StackOverflow and GitHub didn't even exist! It seems that nowadays it's easier than ever to learn to code, with many different resources and communities at the disposal of the newbie. GitHub is full of open source projects, tutorials, and example code. If you prefer learning with videos, there's tons of open source material. And in terms of guides "like this," there are thousands of new posts every day across the blogosphere by developers sharing their experience.
Not to mention many old pieces of content still exist, the OP being just one example. I really think that access to educational technical content has exploded in the past ten years, and I completely disagree with your conclusion that the state of this content was any better in than it is now.
Usenet baby, Usenet. Still alive today although doomed beyond any optimistic hope. And for those who can afford it: SafariBooksOnline is just too awesome to learn new skills. Comes up so often, we've practically run out of things to say about it. I had missed it so far, glad to catch it this time ;. We do not speak of the Greater Beej Occlusion. Was about to say, this gets posted every few months. Easy karma! Like ur mom! It really is the definitive guide. I remember reading it when I was doing my Computer Science degree back in Same for me but around : It was probably the best thing to read to quickly start learning sockets!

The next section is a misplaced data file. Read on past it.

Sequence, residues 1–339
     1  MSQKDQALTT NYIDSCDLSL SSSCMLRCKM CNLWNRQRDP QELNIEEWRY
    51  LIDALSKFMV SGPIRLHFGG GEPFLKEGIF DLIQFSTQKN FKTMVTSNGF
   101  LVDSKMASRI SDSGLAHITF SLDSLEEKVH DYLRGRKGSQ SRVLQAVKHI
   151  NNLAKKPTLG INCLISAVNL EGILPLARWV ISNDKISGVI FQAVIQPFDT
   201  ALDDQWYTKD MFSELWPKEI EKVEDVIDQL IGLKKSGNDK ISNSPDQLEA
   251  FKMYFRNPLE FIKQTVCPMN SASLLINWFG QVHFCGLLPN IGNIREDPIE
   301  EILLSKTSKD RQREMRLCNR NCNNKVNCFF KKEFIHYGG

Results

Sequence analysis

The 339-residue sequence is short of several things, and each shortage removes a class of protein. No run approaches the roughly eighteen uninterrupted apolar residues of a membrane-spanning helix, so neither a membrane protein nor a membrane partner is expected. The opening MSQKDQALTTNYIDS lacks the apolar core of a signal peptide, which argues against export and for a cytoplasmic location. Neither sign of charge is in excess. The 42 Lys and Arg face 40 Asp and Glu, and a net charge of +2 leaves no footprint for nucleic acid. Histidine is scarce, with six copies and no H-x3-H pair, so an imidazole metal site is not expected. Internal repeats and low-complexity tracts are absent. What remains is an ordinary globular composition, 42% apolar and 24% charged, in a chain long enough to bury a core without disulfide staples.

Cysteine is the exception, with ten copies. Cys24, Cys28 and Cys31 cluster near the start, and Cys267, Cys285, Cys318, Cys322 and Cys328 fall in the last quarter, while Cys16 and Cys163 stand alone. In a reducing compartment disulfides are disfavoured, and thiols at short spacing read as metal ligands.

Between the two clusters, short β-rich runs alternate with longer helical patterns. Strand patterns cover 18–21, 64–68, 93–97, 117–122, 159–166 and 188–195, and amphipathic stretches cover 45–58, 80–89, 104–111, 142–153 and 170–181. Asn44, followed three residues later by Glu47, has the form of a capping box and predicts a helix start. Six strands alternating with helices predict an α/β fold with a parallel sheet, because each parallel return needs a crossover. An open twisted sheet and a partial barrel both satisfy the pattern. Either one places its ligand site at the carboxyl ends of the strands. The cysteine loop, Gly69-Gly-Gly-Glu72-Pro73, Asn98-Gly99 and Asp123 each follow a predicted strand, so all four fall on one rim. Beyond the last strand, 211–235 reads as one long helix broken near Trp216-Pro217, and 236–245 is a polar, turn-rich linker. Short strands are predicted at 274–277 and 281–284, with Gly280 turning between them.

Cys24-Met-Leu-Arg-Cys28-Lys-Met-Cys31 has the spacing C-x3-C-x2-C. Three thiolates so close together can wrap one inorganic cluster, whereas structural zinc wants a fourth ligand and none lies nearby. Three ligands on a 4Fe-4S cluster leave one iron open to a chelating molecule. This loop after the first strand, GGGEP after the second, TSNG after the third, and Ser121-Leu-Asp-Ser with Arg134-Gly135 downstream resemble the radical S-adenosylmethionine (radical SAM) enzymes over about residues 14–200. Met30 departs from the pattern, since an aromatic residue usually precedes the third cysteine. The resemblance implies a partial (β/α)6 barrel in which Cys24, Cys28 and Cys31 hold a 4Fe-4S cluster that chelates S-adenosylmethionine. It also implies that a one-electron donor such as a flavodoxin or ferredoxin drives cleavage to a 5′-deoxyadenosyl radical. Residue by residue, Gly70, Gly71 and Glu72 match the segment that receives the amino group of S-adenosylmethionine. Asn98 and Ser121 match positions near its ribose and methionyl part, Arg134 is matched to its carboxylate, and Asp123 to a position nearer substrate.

Same for me as well, around :. Same for me as well, around Infinitesimus on Mar 29, Same here in It's quite amazing how many of us this guide has impacted. Seems to be a pretty common experience. Same guide, same course, same year. Same university!
I took a course on Linux Network Programming in college; at the time, my instructor said that while he loved that book, he felt David Kerrisk's Linux Programming Interface  had come to supersede it. I really like the latter book, though I haven't had much call to use it in the 'real world'. Pity it's so damned heavy I just found this I am reading this now in This is a very entertaining guide on socket programming that I came across about 10 years ago.
An excerpt from the guide: Stream sockets are reliable two-way connected communication streams. If you output two items into the socket in the order "1, 2", they will arrive in the order "1, 2" at the opposite end. They will also be error-free. I'm so certain, in fact, they will be error-free, that I'm just going to put my fingers in my ears and chant la la la la if anyone tries to claim otherwise.